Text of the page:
With the first 2004 presidential contests just weeks away, several Democratic candidates are expanding their television advertising to states with primaries and caucuses beyond Iowa and New Hampshire.
Wesley Clark is running his biographical ads in Tennessee, New Mexico and North Dakota beginning this week. Dick Gephardt just went on the air in Michigan and Oklahoma, broadcasting spots that previously ran in other states. And Joe Lieberman is starting a new ad Monday in South Carolina, Arizona and Oklahoma.
A few of the new buys are about $150,000 a week, a moderate amount, but many are less than $50,000, with ads airing in selected media markets instead of statewide, meaning they won’t reach a lot of voters.
Such modest buys are intended to give a candidate a presence in a given state, headlines in the local media and credibility with state politicians. They also energize supporters and appeal to potential fund-raisers.
'Trying to start a buzz'
“The candidates are trying to start a buzz to show they aren’t writing off that state,” said David Magleby, director for the Center for the Study of Elections and Democracy at Brigham Young University.
Those running commercials are spending a majority of their television money in Iowa, which holds its caucuses Jan. 19; New Hampshire, which has its primary Jan. 27; and South Carolina, the most hotly contested state of the seven that will hold contests on Feb. 3.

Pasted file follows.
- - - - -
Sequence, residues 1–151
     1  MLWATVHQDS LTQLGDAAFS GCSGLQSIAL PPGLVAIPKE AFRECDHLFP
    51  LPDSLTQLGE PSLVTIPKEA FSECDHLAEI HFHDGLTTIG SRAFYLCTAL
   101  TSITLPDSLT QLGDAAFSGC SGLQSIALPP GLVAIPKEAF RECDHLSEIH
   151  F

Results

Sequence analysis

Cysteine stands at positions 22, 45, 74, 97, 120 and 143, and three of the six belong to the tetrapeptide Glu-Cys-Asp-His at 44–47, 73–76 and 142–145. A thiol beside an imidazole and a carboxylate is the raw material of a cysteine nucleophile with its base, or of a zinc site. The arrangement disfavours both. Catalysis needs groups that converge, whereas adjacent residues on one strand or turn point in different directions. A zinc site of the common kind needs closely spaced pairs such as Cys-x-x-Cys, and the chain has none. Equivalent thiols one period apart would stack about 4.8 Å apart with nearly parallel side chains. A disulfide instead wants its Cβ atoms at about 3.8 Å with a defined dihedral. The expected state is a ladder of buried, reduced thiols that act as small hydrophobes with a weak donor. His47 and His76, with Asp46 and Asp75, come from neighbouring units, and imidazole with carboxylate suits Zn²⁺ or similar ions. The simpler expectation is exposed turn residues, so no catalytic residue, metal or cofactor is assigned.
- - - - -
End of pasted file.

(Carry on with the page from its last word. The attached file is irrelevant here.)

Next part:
Front-runner Howard Dean is running ads in those states and is broadcasting spots in New Mexico and Arizona. He intends to return to the airwaves soon in Oklahoma.
John Edwards continues to have a much more modest TV presence in Iowa, New Hampshire and South Carolina.
John Kerry is on the air heavily in New Hampshire and Iowa, but campaign advisers say he has no immediate plans to expand his advertising elsewhere.
Clark, who is not competing in Iowa, has spent $3.5 million so far to run ads in New Hampshire, as well as in Arizona, South Carolina and Oklahoma. This week, he is spending about $150,000 to broadcast in all four media markets in Tennessee, which has its primary Feb. 10; about $60,000 to broadcast in one New Mexico market; and about $30,000 in two North Dakota markets. He plans to start running ads soon in Virginia and Wisconsin.
Gephardt's Iowa push
Gephardt, a Missouri congressman, has poured his ad money mostly into Iowa, his must-win state. He’s spent at least $1.5 million there and at least $250,000 in South Carolina. He has not been on the air in New Hampshire since early October. This week, Gephardt started broadcasting ads about health care and the middle class in Tulsa, Okla., spending under $50,000, and in several Michigan markets, with a buy of about $150,000.
Lieberman, the Connecticut senator who bypassed Iowa, has spent at least $750,000 so far to run ads in New Hampshire. He’s slated to spend about $70,000 in selected media markets next week in Arizona, and under $50,000 in South Carolina and Oklahoma markets. The ad will be new, but the campaign would not disclose details.